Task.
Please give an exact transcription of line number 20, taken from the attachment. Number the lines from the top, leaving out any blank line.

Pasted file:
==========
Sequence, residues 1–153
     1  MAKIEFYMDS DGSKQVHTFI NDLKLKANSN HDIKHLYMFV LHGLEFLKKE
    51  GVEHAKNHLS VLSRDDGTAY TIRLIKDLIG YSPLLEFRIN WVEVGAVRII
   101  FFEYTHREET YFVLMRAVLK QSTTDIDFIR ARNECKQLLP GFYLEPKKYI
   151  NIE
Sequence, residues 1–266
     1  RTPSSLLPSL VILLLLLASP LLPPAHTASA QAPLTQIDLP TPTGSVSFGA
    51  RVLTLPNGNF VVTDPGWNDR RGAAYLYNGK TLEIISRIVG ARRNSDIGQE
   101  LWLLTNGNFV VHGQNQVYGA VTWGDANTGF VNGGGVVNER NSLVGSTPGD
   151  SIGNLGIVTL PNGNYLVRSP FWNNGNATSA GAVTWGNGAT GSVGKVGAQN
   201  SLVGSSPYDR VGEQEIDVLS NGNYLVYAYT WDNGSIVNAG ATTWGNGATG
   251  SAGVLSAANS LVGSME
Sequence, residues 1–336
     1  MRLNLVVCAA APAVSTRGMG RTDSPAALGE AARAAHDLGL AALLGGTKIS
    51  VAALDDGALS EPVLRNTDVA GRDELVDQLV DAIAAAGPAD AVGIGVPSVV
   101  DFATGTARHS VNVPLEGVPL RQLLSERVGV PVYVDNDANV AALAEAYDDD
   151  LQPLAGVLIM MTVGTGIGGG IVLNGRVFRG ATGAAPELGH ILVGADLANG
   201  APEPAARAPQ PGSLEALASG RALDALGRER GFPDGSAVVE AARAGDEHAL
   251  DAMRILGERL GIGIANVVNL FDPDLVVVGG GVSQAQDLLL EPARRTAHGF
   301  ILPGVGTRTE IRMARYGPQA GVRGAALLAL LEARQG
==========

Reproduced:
   301  ILPGVGTRTE IRMARYGPQA GVRGAALLAL LEARQG